January 17, 2001

Maybe It's the Decade
of "The Ginger"

By Roy Rivenburg

The Anonymous Decade:Thomas Edison was way ahead of his time. In addition to inventing the light bulb, the phonograph and Spam, he correctly predicted that the 1950s would be nicknamed ''the Fifties'' and the 1960s would be dubbed ''the Sixties.''

He was wrong about the 1970s (he thought they'd be called ''Burt''), but he redeemed himself with a forecast that the last two decades of the century would be ''referred to as the Eighties and -- I'm going to go out on a limb here -- the Nineties.''

Sadly, Edison never applied his mathematical genius to the current decade. Today, 70 years after his death, commentators are still struggling to find a label for the early 2000s.

Suggestions have included the double-O's, the zilches, the preteens and the aughts, but so far nothing has stuck. In an online survey by teen.com, the most popular tag for the new decade was ''something else.''

This is chilling. When the realization sinks in that the decade might never be named, the U.S. economy will collapse.

The New Yugo?: Rumors are flying about a purported invention that promises to revolutionize life as we know it. Code-named Ginger, it is billed as a replacement for something that is ''dirty, expensive, sometimes dangerous and often frustrating, especially for people in cities.''

Robots to replace the homeless? Self-deodorizing taxicabs? Diapers for pigeons? Details are under wraps, but those who have seen the contraption (including computer guru Steve Jobs and Amazon.com boss Jeff Bezos) are said to be astounded. The inventor, Dean Kamen, previously developed the portable dialysis machine and a stair-climbing wheelchair.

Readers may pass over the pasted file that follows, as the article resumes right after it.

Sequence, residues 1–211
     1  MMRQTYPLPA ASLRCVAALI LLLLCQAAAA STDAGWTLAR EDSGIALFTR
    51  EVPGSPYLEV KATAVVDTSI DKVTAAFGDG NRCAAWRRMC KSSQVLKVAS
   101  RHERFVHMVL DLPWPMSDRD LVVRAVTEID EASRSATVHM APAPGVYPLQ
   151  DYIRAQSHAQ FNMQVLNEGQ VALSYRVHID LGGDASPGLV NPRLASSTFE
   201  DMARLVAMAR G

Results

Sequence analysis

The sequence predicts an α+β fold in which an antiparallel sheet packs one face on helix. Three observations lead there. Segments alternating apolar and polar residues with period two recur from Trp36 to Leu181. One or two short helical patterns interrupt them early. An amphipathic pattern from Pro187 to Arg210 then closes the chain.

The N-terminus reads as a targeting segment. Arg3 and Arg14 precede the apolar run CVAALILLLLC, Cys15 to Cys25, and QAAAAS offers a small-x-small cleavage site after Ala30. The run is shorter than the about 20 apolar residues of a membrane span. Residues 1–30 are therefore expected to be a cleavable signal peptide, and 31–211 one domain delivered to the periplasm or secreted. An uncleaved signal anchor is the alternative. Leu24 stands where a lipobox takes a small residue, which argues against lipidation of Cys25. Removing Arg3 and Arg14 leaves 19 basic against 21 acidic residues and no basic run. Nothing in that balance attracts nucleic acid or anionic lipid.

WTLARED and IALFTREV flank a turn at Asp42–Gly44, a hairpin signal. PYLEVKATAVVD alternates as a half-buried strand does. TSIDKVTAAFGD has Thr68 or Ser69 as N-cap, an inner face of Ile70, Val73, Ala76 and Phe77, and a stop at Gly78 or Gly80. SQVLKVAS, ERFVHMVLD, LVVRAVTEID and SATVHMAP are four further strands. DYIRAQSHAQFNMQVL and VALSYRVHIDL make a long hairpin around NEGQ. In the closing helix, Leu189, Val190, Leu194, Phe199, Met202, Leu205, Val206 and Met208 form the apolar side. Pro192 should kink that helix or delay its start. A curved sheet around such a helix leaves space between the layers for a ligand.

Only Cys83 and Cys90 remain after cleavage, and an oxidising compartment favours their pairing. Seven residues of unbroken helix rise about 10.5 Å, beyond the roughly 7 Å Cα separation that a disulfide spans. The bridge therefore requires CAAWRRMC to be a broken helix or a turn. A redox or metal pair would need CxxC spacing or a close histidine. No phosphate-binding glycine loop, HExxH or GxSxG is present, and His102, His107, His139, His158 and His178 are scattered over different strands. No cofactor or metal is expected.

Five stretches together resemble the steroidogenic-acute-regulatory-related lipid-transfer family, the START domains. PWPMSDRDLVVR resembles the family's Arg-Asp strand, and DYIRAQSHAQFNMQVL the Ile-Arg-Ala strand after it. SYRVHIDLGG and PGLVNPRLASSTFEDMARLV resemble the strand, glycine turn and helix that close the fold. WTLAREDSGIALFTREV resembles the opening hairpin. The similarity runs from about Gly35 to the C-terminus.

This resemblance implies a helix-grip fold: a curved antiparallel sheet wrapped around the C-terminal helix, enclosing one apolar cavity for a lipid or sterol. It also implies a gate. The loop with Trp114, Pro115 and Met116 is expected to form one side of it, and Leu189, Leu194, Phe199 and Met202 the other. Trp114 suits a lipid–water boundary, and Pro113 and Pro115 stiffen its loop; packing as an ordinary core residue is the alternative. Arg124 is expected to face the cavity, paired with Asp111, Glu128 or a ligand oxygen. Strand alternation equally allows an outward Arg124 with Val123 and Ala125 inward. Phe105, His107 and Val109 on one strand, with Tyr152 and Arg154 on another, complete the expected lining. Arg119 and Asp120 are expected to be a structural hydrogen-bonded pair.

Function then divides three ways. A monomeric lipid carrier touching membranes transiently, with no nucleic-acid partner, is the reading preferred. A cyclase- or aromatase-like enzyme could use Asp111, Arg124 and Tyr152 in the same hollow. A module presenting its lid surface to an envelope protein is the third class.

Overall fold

Theories about his new gizmo lean toward some sort of Jetson-esque transportation device -- a flying scooter or a personal jetpack. The Washington Post described Ginger as ''a wearable car.''

Then again, maybe it's a sleigh pulled by eight tiny reindeer. Or perhaps it is powered by mules. Earlier this month in Yugoslavia, a mule train managed to outrun a helicopter and NATO troops. Whatever Ginger is, it can't possibly be more revolutionary than the following inventions, all 100 percent real:

  • The Last Supper Musical Pillow. Embroidered with Leonardo da Vinci's masterpiece, this $28 head cushion also features a wind-up musical component that plays the Beatles' ''Hey Jude.'' See it at ship-of-fools
  • Teflon socks. A New York company promises to eradicate blisters by taking nonstick technology out of the frying pan and into your feet.
  • The toilet bowl water dish. Tired of your dog drinking from the toilet? Lighterside.com has a solution: Canine water bowls that look like a toilet, complete with a working handle that triggers a ''realistic flushing sound.'' Price: $33.

    Inauguration Almanac: In honor of George W. Bush's swearing-in, the Ritz Carlton Hotel in Washington ordered 600 chocolate cowboy boots.

    Press Releases and Scientific Papers We Ignored This Week: ''American Phytopathological Society: It's Flu Season for Houseplants Too'' and ''Altruism and Social Cheating in the Social Amoeba Dictyostelium Discoideum.''

    E = MC Hammer: A recent study of junior high school science textbooks uncovered a multitude of errors, including maps that show the equator passing through Tucson, Ariz., and a photo of singer Linda Ronstadt labeled as a silicon crystal.

    Supermarket Tabloid Headline of the Week: ''Lose 2 Pounds a Week on the Amazing Pie-A-Day Diet!'' (Weekly World News)

    Unpaid Informants: www.inside.com, U.S. News & World Report, Rachel Dunn, Associated Press, Wireless Flash News Service, PR Newswire, Annals of Improbable Research (www.improbable.com).

    Copyright © 2000 by Roy Rivenburg
    Distributed by Creators Syndicate